What: Latin American airline Copa Holdings (NYSE:CPA) has had an up-and-down start to 2016. While Copa stock had soared in February and March, the shares slumped 18% in May, according to data from S&P Global Market Intelligence.
So what: The most recent setback for Copa shares came after the company reported its Q1 earnings a month ago. Adjusted net income fell more than 30% year over year.
Copa is suffering from economic weakness in many of its markets. Revenue per available seat mile declined 13.9% year over year in dollar terms. The company mentioned Brazil, Venezuela, and Colombia as being particularly weak during Q1.
The strong dollar is compounding Copa's problems, as many of its expenses are dollar denominated (e.g. fuel, aircraft rent, and spare parts) but most of its revenue comes in other currencies. The tailwind from falling fuel prices is also dissipating quickly.
Because of these issues, Copa cut its full-year unit revenue guidance and raised its fuel cost guidance. These negative shifts outweighed an improvement in its non-fuel unit cost outlook. As a result, Copa now expects its full-year operating margin to decline to 9%-11% from 11.8% last year. It had previously forecast that its operating margin would stay roughly flat at 11%-13% for 2016.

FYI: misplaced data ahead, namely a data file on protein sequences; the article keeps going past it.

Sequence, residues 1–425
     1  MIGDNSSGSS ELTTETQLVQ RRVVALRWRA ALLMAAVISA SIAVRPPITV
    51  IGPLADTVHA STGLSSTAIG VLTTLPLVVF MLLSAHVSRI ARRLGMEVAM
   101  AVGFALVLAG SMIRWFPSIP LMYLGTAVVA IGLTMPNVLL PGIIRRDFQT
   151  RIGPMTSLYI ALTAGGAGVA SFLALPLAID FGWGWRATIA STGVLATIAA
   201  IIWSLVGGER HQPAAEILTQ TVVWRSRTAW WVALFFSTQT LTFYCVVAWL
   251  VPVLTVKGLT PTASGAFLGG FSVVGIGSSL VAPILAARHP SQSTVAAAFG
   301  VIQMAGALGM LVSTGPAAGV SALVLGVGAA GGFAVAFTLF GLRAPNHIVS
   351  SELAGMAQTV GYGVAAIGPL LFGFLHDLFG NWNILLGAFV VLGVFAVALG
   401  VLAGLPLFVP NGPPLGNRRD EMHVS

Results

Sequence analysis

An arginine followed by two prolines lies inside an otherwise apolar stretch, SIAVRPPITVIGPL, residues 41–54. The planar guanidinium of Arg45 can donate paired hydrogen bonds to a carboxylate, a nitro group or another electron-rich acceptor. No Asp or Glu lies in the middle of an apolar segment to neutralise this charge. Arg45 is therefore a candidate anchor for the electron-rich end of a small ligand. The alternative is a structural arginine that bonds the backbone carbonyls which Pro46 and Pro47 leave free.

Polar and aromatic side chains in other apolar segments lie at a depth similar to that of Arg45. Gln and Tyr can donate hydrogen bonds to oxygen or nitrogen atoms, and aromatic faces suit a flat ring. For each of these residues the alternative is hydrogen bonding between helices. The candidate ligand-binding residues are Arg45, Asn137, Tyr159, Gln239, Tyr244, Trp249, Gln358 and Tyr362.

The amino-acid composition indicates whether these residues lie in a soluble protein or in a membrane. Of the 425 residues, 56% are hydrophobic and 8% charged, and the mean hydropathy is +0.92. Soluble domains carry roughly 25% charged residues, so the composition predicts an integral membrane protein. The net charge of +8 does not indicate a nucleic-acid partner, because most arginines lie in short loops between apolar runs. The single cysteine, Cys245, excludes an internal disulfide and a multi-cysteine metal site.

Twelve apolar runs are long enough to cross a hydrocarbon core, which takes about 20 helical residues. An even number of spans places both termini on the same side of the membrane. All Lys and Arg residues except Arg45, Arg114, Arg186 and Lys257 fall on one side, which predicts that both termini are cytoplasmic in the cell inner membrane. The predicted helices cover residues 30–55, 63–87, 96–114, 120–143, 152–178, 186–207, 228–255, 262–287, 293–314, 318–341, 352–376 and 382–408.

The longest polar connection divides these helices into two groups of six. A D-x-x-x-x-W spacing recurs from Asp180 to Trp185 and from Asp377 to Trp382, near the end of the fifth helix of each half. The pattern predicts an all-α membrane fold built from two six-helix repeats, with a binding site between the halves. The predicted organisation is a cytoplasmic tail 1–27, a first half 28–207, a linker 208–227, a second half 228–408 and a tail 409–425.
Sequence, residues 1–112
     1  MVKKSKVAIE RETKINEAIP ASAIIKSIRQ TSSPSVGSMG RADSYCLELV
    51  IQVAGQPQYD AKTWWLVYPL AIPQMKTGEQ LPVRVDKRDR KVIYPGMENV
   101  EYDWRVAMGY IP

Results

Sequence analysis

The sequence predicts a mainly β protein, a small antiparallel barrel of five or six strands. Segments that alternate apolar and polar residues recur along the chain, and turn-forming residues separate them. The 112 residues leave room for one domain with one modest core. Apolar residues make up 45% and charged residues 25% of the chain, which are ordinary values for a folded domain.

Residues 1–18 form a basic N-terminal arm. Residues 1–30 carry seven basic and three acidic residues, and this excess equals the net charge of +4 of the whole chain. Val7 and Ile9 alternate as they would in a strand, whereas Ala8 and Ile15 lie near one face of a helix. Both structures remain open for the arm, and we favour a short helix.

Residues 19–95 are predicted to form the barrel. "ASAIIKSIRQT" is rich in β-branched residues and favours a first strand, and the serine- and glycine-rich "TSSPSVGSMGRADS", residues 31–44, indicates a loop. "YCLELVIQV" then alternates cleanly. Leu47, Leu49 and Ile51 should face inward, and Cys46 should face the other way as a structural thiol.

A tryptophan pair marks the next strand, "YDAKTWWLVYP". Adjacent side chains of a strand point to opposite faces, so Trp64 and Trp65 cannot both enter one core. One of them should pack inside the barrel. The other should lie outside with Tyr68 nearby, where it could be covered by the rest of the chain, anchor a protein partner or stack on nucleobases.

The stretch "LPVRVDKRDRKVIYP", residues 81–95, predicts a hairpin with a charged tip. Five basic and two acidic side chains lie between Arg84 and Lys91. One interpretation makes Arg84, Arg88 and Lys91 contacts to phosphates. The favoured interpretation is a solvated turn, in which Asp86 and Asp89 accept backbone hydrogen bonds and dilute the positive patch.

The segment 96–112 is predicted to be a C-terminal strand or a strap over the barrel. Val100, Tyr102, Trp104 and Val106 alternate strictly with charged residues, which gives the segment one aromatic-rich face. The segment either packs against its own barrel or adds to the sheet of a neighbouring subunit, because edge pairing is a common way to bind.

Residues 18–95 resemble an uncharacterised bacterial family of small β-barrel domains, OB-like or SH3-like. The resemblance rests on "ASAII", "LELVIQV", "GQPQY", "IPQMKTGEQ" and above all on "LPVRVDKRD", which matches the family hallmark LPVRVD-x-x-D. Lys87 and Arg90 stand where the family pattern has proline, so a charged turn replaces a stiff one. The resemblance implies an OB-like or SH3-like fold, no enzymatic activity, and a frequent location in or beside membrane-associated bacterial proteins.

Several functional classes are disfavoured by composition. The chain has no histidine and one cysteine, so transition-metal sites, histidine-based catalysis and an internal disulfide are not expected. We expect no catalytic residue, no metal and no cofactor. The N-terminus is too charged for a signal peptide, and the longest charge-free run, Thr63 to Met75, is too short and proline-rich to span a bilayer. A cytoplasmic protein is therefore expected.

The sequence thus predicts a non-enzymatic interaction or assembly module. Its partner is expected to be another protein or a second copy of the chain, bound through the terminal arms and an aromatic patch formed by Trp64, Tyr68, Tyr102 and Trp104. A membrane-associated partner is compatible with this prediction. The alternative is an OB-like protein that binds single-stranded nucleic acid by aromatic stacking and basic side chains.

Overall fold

Now what: While Copa's bottom line is starting to come under pressure, the airline is still solidly profitable. That said, the airline business is quite risky under the best of circumstances, and Copa's exposure to exchange rate fluctuations makes it even riskier for investors.
On the bright side, air travel in Latin America is likely to grow significantly in the long run. Copa has a relatively competitive cost structure, and the favorable geography of its Panama hub as a connection point between North America and South America should allow it to capitalize on this market growth. This could allow Copa stock to bounce back, eventually.
Adam Levine-Weinberg has no position in any stocks mentioned. The Motley Fool recommends Copa Holdings. Try any of our Foolish newsletter services free for 30 days. We Fools may not all hold the same opinions, but we all believe that considering a diverse range of insights makes us better investors. The Motley Fool has a disclosure policy.